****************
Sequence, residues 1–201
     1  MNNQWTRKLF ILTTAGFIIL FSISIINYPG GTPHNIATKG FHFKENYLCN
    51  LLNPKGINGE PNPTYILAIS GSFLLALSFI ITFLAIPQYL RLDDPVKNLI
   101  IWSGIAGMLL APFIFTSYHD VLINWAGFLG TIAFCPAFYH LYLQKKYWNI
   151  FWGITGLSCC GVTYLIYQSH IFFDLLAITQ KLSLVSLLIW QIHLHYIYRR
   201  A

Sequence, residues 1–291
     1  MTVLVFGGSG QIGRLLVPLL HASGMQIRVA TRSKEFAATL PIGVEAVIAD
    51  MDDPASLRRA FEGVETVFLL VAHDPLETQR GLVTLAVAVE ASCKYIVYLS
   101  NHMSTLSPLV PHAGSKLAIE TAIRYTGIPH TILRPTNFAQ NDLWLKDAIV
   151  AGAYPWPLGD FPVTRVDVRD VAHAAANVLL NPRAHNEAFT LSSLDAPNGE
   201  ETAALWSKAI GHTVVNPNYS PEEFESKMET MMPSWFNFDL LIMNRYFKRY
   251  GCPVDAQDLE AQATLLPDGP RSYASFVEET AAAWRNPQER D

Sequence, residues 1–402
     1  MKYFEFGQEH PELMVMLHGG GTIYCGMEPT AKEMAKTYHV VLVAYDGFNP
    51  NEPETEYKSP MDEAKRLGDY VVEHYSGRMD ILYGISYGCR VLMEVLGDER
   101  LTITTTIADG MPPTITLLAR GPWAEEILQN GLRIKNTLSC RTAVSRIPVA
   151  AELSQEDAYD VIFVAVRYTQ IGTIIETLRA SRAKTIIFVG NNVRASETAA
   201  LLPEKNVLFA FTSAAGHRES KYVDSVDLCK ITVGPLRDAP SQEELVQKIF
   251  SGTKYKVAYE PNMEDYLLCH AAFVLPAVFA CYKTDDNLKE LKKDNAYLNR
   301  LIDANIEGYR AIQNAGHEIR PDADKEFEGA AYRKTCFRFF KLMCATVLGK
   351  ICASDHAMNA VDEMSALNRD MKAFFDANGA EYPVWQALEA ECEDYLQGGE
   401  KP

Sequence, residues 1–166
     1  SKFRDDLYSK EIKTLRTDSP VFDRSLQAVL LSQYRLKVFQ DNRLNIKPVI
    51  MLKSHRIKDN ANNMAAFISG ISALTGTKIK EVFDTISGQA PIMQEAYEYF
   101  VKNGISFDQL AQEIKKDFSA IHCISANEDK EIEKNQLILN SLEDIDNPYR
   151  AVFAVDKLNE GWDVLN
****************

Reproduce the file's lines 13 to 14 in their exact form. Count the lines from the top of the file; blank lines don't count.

   251  GCPVDAQDLE AQATLLPDGP RSYASFVEET AAAWRNPQER D

Sequence, residues 1–402